Iranian scientist Shahram Amiri’s very public appearance at the Pakistani Embassy in Washington DC has quickly boiled down to a battle of official narratives, with US officials trying to battle growing evidence of his kidnapping with a completely alternative storyline.
Amiri has detailed his own story, of course, which begins with him being abducted at gunpoint from the streets of Saudi Arabia and spending a year in CIA custody, where the US spy group offered him $50 million to make up stories about Iran’s civilian nuclear program.
The US claims began with reports that they had gotten “useful information” from him, but has spiraled into elaborate claims that Amiri was a “CIA mole” who had been helping the US for years before his sudden disappearance. They then went on to claim that they “relocated” him for his own safety.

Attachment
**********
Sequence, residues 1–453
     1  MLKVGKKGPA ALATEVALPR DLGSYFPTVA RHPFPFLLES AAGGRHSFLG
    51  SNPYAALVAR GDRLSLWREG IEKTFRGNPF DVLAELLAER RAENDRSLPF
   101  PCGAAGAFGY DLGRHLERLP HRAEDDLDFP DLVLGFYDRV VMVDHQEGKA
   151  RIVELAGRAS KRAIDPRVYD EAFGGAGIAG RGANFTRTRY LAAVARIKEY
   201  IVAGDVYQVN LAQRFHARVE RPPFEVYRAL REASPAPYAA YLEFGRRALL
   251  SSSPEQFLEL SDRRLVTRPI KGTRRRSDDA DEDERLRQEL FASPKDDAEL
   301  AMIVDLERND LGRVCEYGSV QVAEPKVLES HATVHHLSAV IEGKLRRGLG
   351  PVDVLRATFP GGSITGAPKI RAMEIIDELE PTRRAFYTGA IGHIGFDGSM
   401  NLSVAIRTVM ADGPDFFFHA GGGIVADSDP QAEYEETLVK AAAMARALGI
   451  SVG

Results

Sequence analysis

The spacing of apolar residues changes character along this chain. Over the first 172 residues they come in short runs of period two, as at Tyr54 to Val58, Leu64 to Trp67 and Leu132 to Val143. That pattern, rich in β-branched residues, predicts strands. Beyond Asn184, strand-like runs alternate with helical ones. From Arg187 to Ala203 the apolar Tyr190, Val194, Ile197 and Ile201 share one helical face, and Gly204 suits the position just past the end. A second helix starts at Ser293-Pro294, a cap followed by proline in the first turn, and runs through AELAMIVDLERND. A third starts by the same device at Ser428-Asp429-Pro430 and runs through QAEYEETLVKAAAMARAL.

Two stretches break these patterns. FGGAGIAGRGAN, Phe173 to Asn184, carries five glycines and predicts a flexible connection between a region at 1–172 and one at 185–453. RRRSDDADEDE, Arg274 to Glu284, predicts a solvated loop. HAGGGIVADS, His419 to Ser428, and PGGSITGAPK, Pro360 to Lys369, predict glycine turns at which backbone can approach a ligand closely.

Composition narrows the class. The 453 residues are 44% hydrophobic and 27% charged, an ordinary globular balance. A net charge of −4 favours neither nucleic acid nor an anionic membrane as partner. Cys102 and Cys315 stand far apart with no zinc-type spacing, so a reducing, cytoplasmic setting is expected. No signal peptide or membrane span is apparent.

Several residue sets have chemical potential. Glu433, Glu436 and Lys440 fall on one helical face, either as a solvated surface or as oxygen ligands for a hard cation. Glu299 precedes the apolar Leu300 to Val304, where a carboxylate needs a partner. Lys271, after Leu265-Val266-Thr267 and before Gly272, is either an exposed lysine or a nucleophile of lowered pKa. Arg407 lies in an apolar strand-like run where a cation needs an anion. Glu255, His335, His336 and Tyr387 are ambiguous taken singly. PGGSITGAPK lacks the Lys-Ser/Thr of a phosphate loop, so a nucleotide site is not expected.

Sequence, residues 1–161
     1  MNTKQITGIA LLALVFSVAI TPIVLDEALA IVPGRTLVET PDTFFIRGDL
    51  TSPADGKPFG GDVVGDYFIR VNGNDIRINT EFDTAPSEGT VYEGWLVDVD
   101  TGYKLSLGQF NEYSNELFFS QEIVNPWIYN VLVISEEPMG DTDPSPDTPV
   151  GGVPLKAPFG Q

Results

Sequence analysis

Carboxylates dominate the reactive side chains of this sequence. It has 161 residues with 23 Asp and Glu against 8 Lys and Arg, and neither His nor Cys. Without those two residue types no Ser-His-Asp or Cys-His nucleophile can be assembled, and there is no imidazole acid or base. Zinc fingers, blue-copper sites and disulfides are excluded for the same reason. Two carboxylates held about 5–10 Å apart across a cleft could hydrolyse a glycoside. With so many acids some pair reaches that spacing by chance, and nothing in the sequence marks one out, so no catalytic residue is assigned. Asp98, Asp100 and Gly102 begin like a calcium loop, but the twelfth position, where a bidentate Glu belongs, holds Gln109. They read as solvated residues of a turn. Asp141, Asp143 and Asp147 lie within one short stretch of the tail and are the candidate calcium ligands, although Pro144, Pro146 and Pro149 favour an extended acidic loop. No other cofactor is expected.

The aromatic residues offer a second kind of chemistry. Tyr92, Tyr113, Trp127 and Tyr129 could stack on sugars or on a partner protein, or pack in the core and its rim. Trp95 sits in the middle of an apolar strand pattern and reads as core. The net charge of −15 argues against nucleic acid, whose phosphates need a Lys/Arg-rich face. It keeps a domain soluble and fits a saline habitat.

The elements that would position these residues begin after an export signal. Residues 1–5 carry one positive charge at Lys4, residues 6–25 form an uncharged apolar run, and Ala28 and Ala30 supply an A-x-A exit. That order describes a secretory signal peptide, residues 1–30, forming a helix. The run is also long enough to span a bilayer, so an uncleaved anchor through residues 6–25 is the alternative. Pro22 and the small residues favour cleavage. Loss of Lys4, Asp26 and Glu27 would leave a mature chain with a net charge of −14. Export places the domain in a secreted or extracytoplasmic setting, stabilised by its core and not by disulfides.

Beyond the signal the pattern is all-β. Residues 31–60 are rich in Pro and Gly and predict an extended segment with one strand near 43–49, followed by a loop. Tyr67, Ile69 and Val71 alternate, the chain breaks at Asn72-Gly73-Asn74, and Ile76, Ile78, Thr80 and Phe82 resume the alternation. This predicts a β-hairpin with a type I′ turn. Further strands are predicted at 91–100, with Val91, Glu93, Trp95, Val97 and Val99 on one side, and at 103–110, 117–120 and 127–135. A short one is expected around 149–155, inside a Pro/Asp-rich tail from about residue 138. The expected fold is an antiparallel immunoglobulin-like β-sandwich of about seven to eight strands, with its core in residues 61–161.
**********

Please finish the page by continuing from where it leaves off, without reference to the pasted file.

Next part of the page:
If this was true, however, it sparks even more questions about why Amiri, who US officials once maintained was “just visiting” the United States, felt the need to flee to the Pakistani Embassy for help in returning to Iran, and why he would want to return in the first place.
In that respect CIA officials predict that Amiri will spend the rest of his life in fear, and that sooner or later the Iranian government will kill him as a “traitor.” This throws even more doubts into the US claims of him as a mole, however, as if he really were a trusted CIA asset one would assume US officials would not have spent much of the week trying so hard to portray him as one in public, particularly if they believed it would get him killed.
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